You asked for an opinion as to the extent that deceased wage earner Stanley S~ underpaid
Social Security disability benefits are subject to garnishment for child support.
For reasons stated below, we believe it is appropriate for SSA to withhold either
55% or 65% of the past due benefits, depending on whether or not Mr. S~ was supporting
another dependent child. We also recommend that the POMS entry for Illinois be changed
to indicate that Illinois garnishments are subject to the Federal limitation.
This case involves an underpayment of $4,592.00 owed to a deceased wage earner. Before
the wage earner died, he had filed a claim to receive the underpaid benefits. Also
before the wage earner died, SSA received a garnishment order against any money due
the wage earner. By the time the decision was made to pay the underpayment, the wage
earner had died. SSA erroneously paid the underpayment to a surviving child, without
considering the garnishment order on file.
The garnishment order, dated December 26, 1996, instructs Social Security to pay to
the clerk of court $13,260.00 or less as money due to Barbara S~ for past due child
support. The underpayment at issue was for March through June 1997 benefits.
As you are aware, Social Security disability benefits may be garnished to enforce
an individual's legal obligation to provide child support or alimony. 42 U.S.C. §
659; 5 C.F.R. § 581.101 et.
seq.; 20 C.F.R. § 404.1820(b). Illinois law does not specifically limit the amount of
income subject to withholding other than to provide that the amount to be withheld
from an obligor's income for support and other purposes may not exceed the maximum
permitted under the Federal Consumer Credit Protection Act. 750 ILCS 28/20. The Federal
Consumer Credit Protection Act generally provides that the maximum part of the aggregate
disposable earnings subject to garnishment in any workweek may not exceed 25% of the
disposable earnings for that week, or the amount by which disposable earnings for
a week exceed 30 times the Federal minimum hourly wage, whichever is less. 15 U.S.C.A.
§ 1673(a). If wages are being garnished pursuant to a valid order for the support
of any person, however, the maximum part of the aggregate disposable earnings of an
individual for any workweek which is subject to garnishment for support shall not
exceed 50% of disposable earnings for that week if the individual is supporting a
spouse or child other than the spouse and/or child whose support has been ordered,
or 60% if the individual is not supporting another spouse of child. 15 U.S.C.A. §
1673(b). These amounts are increased to 55% and 65% respectively if the original support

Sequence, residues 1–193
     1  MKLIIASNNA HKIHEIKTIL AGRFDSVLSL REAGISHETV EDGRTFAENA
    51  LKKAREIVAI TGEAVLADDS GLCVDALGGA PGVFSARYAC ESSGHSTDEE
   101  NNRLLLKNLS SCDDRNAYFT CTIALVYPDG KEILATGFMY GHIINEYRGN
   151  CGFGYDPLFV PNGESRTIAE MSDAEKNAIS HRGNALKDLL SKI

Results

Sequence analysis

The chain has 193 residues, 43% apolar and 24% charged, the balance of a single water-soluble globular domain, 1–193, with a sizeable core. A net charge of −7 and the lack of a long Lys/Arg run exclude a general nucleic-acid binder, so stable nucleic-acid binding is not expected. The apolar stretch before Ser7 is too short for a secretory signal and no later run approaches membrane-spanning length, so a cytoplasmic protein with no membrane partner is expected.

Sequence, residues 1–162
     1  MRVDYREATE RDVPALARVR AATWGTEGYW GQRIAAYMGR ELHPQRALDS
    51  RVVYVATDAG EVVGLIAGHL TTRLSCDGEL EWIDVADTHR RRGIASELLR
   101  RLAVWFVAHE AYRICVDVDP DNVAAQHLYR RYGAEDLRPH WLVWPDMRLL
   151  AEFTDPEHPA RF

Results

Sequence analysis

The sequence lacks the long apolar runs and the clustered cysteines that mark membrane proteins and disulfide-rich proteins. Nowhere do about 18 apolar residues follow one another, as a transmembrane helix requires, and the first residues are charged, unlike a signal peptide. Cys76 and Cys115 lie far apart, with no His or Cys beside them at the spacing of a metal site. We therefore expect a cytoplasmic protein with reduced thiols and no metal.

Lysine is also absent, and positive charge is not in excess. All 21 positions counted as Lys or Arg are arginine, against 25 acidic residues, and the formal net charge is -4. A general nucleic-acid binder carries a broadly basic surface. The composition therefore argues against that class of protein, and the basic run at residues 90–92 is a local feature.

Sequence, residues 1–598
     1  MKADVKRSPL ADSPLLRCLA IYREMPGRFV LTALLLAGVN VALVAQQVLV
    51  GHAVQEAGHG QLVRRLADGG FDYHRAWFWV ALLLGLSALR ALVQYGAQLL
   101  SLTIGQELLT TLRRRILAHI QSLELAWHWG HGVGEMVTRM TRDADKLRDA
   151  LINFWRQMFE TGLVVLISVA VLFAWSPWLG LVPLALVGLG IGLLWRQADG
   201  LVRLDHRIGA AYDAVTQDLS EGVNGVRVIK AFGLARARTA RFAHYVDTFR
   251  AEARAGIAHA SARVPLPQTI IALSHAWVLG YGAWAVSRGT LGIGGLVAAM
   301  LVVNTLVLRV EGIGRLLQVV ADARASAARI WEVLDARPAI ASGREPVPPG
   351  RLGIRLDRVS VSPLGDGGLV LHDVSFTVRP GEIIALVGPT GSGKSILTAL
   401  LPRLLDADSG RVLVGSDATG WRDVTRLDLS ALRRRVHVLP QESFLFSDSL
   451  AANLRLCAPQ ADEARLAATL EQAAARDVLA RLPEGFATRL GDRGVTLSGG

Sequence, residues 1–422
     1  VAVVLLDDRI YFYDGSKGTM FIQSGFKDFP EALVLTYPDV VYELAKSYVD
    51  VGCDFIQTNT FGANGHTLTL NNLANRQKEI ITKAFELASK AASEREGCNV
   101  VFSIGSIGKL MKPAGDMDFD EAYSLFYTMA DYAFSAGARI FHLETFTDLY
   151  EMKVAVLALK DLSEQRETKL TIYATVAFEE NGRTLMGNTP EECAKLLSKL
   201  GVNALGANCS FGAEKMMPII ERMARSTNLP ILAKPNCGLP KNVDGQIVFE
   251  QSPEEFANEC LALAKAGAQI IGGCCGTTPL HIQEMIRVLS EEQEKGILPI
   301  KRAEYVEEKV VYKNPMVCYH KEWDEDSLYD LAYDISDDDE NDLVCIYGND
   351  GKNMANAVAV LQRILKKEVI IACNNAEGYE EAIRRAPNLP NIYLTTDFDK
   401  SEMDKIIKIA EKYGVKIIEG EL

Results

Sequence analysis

ordered is 12 or more weeks in arrears. 15 U.S.C.A. § 1673(b)(2).
Read in its entirety, § 1673 of the Consumer Credit Protection Act places a ceiling
of 25% on the amount of an employee's disposable earnings that is subject to garnishment,
with the exception that the ceiling may be raised as high as 65% if the garnishment
is to enforce family support orders. Thus, when garnishments are sought by ordinary
creditors, no more than 25% of disposable earnings may be withheld for that purpose.
When the garnishments are sought to enforce support orders, as much as 65% of disposable
earnings may be withheld for that purpose. Long Island Trust Company
v. United States Postal Service, 647 F.2d 336, 339 (2d Cir. 1981). Because Illinois law places no limit on garnishment
other than those set forth in the federal Consumer Credit Protection Act, up to 65%
of the wage earner's disposable earnings, including Social Security benefits, are
disposable earnings subject to garnishment.
Accordingly, our interpretation of the applicable law is that the amount SSA can withhold
under an order for support depends on whether the wage earner is supporting a spouse
or dependent child other than the spouse or child for whom the support order was issued.
Because the period for which the support was due is more than twelve weeks ago, we
believe the maximum percentages allowable under the federal Consumer Credit Protection
Act are applicable. In other words, if the wage earner was supporting another dependent
child during the period represented by the underpayment, 55% of the underpayment can
be withheld to satisfy the support order. If the wage earner was not supporting another
dependent child during that period, 65% of the underpaid benefits can be garnished
under the court order.
We are unable to identify any precedent for treating the lump sum underpayment any
differently than if the benefits had been correctly paid the wage earner during the
periods they reflected. Accordingly, the limitations on the amount subject to garnishment
remains the same as discussed above, even though the wage earner is deceased. Nor
have we identified precedent for treating withholding orders differently depending
on whether they are to comply with orders for alimony versus child support.
We are aware that the POMS currently reflect that the maximum withholding is 25% of
the disposable earnings for that week, or the amount by which disposable earnings
for a week exceed 30 times the Federal minimum hourly wage, whichever is less. We
believe this does not reflect the latter portion of the federal Consumer Credit Protection
Act which specifically applies to orders for support. Consistent with our opinion,
we believe the provisions of the POMS should be amended to reflect the Federal limit
as set forth above.
Very Truly Yours,
Thomas W. C~
Regional Chief Counsel
Edward P. S~
Assistant Regional Counsel